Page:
‘His passion is infectious’: Highsnobiety on Francis Bourgeois’s Gucci x North Face ad
The Drum catches up with Highsnobiety to take a closer look at one the most talked about ads of the year so far.
Francis Bourgeois in the Highsnobiety campaign
How did a 21-year-old eccentric trainspotter from England get onboard one of the most highly anticipated fashion drops of the year? For Francis Bourgeois, the ticket to his success has been a combination of a few factors – lockdown, TikTok and simply being his free-spirited self online – all of which has led to him becoming the face of Highsnobiety’s new film for The North Face and Gucci collaboration.
It’s been a whirlwind ride for the locomotive lover, real name Luke Nicolson, who began posting videos to his TikTok channel showcasing his unadulterated passion for trainspotting last year. The account has gone on to amass 2.1 million fans, with his honest social media persona attracting people from all over, including celebrities such as singer Joe Jonas, footballer Thierry Henry and popstar Vanessa Hudgens.
When Highsnobiety’s video was published earlier this week the internet was rooting for Bourgeois once again. In the short film, viewers see a dream-like world where a group of youthful city-dwellers take a trip to the mountains adorning ’90s-style puffa jackets, with Francis acting as the train conductor.
Josh Wilson, senior art director at Highsnobiety, tells The Drum that the joyful energy that radiates from Bourgeois was infectious on set.
“His knowledge and passion for trains is so infectious, he had us captivated by the smells, sights and noises of the steam engine by the end of the shoot. There’s much more to him than people see in his videos. After a couple of drinks in the hotel bar (his is a Guinness) in which all the crew were staying, his natural wit and charm had us all in hysterics. He’s quite the creative too, showing us preliminary ideas of his side-projects and telling us about his passion for creating electronic music,” says Wilson.
“The current state of the world can become unsettling and overpowering at times, but the smile and unbridled joy of Francis as he jumps up and down on a platform brings simplicity to it all, which we wanted to harness. There can often be a lot of egos in fashion and it takes itself very seriously, so it’s nice to forget about all that and have fun with a piece of content.”
The frantic opening scene was created to reflect those real-life moments of rushing about a station and to bring a sense of urgency as the train arrives at the platform.
“For the tracking shot on the platform we looked at directors from French New Wave cinema such as Jacques Tati and their use of Controlled Chaos, intrigued by this busyness and choreography that pans out quite effortlessly,” explains Wilson.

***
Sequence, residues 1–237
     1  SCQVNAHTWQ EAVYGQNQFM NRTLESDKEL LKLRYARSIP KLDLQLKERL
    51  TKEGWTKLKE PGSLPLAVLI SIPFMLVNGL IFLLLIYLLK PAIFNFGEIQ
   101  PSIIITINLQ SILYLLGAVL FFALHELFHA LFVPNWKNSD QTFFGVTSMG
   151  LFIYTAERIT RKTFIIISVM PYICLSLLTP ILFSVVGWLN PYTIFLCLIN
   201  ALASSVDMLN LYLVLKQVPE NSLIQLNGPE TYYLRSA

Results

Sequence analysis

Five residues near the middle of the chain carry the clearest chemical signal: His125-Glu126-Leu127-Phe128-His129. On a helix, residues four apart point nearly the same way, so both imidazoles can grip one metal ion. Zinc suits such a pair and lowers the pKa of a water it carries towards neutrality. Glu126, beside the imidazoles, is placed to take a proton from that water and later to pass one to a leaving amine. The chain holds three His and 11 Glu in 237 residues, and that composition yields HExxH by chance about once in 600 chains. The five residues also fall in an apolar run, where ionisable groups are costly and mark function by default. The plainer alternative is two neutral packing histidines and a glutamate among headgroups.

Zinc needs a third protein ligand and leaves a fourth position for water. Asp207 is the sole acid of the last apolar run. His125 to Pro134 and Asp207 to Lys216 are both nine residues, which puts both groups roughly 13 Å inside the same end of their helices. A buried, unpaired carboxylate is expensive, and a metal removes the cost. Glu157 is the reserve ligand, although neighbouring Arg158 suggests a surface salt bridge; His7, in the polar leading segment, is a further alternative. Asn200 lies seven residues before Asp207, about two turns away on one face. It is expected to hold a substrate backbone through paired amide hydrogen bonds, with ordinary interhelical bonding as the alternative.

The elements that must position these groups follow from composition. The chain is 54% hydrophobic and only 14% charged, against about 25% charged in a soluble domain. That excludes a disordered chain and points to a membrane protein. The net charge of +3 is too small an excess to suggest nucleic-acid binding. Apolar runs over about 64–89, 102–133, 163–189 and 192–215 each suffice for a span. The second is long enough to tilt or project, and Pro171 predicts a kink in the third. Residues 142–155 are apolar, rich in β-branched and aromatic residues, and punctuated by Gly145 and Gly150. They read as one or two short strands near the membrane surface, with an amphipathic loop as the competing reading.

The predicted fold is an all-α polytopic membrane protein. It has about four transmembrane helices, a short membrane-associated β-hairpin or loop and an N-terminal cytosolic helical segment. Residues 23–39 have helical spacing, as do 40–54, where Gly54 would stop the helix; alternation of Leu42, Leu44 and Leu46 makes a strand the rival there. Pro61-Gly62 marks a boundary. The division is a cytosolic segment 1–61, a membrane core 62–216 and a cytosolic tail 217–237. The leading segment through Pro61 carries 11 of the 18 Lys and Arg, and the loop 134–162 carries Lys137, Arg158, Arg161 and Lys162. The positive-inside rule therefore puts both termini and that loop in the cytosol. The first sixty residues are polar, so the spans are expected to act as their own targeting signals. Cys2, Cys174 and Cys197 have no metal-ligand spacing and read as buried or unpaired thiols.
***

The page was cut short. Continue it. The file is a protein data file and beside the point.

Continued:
Small, nuanced moments in the video, such as the photobooth scene, get viewers up close and personal with Francis and friends, with the idea being rooted in showcasing ‘mini-concepts’ throughout the film.
In between takes the cast and crew amused themselves by playing a drawing game called Exquisite Corpse, where you split a piece of paper into three and multiple people sketch different parts of the body.
“Francis loved it, he said something along the lines of, ‘it not only shows creativity but people’s inner Freudian subconscious.’ There were a few expletives so I don’t know what that says about the crew who took part,” jokes Wilson.
The crossover of internet culture and high-end fashion is a concept that David Fischer, founder and chief exec of Highsnobiety, believes will continue.
“We’re going to see fashion brands push cultural commentary on this convergence in more unexpected ways,” he says.
“On one end we’re going to see this contrast where brands like Balenciaga lean all the way into this somewhat surreal aesthetic expression of the metaverse, whilst on the other end of the spectrum, there will be brands like Gucci encouraging people to connect with nature and spaces that can only be experienced physically. It’s an interesting time, and I think fashion will continue to offer some of the most innovative insights.”
Bourgeois has become somewhat of a poster child for being unapologetically yourself online, and, as Fischer concludes, it’s all about “charging and amplifying the unique voices” who are driving culture.
“If you’re going to engage in it, first you have to listen. Seek to participate meaningfully,” he adds. “Don’t just billboard the talent and gatekeepers of the cultures you’re trying to reach – enlist them as creators and empower their vision.”